Beneficial Insect Program
The E. W. Heier Teaching Greenhouse was selected by the Broome County Legislature to be recognized in the 2009 Green Business Initiatives for "exemplary leadership and innovative practice to improve and protect our environment, and for instituting a policy in which beneficial insects are used as a means of pest control. The E.W. Heier Teaching Greenhouse has, through their research, advanced the field of non-chemical pesticides, which will benefit the people of Broome County and beyond."
Biological Pest Control
In February of 2008 we started the introduction of beneficial insects into the E.W.Heier Teaching Greenhouse for biological pest control. Biological pest control is the use of an organism to attack harmful insects. They could be predators, parasites, or even diseases.
We started with four species of beneficial insects, which are any insect that preys on a harmful insect in the greenhouse. We chose to start with a parasitic wasp for our sweet potato whitefly - Eretmocerus; a parasitic spider mite for our two-spotted spider mite - P. persimilis; the "Mealy Bug Destroyer" beetle for our mealybug - Cryptolaemus montrouzieri; and the lacewing larvae for the mealybug - C. rufilabris.
Why Use Beneficial Insects? Crypt Larvae & Mealybugs. Both adult & larval crypts feed on mealybugs. We primarily released them into the Warm Temperate Room. Releases throughout the greenhouse are scheduled for September.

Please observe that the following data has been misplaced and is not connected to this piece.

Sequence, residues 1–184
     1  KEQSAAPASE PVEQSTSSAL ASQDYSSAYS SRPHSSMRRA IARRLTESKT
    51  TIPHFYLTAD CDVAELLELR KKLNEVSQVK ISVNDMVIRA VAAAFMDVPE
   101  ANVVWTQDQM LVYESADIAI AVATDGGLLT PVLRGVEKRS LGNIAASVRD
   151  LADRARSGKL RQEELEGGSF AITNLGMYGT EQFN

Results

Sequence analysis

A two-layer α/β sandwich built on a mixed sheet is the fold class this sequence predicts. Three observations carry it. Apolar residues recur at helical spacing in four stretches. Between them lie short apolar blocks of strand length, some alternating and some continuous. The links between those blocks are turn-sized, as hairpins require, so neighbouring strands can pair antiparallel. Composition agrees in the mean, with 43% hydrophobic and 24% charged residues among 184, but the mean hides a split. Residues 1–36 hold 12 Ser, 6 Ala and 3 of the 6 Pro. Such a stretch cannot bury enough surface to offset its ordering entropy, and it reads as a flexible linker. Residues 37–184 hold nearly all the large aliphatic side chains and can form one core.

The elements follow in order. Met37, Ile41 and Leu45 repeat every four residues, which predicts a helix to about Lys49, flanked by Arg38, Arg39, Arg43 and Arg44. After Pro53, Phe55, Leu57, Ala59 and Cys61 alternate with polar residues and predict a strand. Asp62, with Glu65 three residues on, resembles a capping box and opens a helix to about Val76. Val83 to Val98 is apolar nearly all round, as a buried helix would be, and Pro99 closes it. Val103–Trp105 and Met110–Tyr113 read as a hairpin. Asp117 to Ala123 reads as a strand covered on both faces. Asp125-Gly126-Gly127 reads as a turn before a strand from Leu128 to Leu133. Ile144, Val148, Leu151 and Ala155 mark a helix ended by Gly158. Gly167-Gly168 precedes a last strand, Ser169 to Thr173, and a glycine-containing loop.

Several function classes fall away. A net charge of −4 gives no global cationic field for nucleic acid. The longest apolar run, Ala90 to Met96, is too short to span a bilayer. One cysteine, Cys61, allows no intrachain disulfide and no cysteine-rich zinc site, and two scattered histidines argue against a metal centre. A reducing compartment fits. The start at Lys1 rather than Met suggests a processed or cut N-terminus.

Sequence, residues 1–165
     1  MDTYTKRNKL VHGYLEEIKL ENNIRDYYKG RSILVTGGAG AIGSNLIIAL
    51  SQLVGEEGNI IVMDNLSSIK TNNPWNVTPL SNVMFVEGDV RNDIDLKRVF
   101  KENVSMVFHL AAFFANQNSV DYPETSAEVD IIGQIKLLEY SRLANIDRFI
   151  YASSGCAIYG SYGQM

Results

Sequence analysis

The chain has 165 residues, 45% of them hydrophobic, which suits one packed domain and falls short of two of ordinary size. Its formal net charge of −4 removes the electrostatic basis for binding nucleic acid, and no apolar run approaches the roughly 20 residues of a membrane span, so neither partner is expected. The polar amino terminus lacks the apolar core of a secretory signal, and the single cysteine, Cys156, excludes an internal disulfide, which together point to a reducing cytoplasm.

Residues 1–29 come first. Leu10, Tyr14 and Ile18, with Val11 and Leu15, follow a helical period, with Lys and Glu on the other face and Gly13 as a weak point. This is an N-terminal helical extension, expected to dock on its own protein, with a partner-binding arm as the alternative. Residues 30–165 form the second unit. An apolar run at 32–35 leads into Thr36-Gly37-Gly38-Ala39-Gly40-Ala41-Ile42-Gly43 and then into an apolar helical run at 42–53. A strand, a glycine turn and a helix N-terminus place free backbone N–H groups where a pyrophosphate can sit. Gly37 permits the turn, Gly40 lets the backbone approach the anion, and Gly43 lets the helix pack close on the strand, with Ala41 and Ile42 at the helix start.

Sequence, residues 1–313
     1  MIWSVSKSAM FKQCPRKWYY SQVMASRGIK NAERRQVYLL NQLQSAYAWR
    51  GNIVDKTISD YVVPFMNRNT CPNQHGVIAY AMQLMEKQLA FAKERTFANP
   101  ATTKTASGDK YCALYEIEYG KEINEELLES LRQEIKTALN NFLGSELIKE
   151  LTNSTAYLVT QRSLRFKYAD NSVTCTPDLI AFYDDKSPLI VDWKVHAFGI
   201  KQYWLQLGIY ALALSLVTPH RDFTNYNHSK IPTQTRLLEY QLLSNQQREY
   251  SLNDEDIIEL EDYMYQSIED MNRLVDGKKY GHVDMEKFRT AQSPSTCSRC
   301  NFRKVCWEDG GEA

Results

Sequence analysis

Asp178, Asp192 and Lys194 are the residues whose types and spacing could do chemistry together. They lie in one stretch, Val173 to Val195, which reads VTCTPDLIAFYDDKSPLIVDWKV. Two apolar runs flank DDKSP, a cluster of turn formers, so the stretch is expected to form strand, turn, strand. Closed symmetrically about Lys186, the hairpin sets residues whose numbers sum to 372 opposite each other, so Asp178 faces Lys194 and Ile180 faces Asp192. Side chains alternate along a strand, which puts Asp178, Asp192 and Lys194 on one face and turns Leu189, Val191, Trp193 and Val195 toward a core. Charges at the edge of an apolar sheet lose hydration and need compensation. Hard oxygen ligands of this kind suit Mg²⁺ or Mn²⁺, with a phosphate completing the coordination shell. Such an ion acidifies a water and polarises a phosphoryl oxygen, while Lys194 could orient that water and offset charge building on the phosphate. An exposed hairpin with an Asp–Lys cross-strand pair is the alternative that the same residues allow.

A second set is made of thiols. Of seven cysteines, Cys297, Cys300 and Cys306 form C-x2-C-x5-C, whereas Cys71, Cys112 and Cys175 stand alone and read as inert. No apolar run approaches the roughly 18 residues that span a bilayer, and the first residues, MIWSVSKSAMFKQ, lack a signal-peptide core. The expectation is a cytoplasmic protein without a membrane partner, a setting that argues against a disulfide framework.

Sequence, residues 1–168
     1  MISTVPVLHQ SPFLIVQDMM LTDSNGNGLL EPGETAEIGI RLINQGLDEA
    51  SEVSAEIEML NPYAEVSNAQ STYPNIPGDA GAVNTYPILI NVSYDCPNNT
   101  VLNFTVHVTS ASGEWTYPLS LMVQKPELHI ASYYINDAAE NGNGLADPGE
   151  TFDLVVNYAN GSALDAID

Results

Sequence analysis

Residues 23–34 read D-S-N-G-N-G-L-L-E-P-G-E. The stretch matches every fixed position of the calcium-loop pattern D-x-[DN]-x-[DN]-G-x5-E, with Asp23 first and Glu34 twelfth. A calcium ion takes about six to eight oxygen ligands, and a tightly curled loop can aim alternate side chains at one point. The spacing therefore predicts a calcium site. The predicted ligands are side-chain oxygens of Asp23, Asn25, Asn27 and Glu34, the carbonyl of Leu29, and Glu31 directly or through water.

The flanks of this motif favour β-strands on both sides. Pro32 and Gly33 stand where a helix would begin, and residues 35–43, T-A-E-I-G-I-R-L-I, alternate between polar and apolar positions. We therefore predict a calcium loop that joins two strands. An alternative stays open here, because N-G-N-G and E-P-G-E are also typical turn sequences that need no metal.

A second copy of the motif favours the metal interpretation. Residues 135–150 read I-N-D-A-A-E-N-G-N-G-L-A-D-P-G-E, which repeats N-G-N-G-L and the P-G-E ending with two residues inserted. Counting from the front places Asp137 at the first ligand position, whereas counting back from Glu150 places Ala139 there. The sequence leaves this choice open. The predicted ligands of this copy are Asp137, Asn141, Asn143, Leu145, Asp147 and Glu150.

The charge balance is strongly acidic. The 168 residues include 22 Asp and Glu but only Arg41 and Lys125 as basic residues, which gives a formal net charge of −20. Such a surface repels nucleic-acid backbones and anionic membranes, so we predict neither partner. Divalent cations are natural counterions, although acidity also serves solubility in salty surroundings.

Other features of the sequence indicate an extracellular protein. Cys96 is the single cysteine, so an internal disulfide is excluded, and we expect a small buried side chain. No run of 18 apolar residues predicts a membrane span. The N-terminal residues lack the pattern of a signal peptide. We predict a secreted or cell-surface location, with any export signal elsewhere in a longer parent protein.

Overtime many pests can become resistant to chemical pesticides, rendering them ineffective.
Prolonged exposure to pesticides is harmful for the applicant and the pesticides leave
a residue on the plant. Initial costs of beneficials may exceed pesticide costs, but
over time the costs for pest control with beneficials is far below that of pesticides.
We are striving for a clean, green friendly environment with a self sustaining beneficial population.
Initial Results for the Summer of 2008
Crypt adult after release into the Desert Room in July 2008. It is surrounded by plenty of food - egg masses of the citrus mealybug as well as adult citrus mealybug.
Our population of sweet potato whiteflies has decreased noticeably after the introduction
of the Eretmocerus to selected infested plants. We are catching this tiny wasp on
the yellow sticky cards so the population is still in the greenhouse. More will be
added in September.
The very tiny parasitic mite, P. persimilis appears to have cleared up signs of two-spotted mites on the selected plants it was scattered over. These cannot be seen with the naked eye so determining a present population is harder to do. We will introduce more in September.
The most noticeable are the Crypts - Cryptolaemus. These tropical lady bug beetles did remain in the greenhouse after release and we discovered many crypt larvae among the plants in the Warm Temperate and the Desert Rooms. We watched them develop through their 3 enstars, but only witnessed a handful of adults. The forming adults in the Desert Room appeared to have been halted in their development - perhaps attacked by another predator?
Senior Independent Study Opportunities
There is an opportunity for Seniors to undertake an Independent Research Project in the Greenhouse pertaining to the Beneficial Insects. The student would work under the auspices of a faculty member of the Department of Biological Sciences.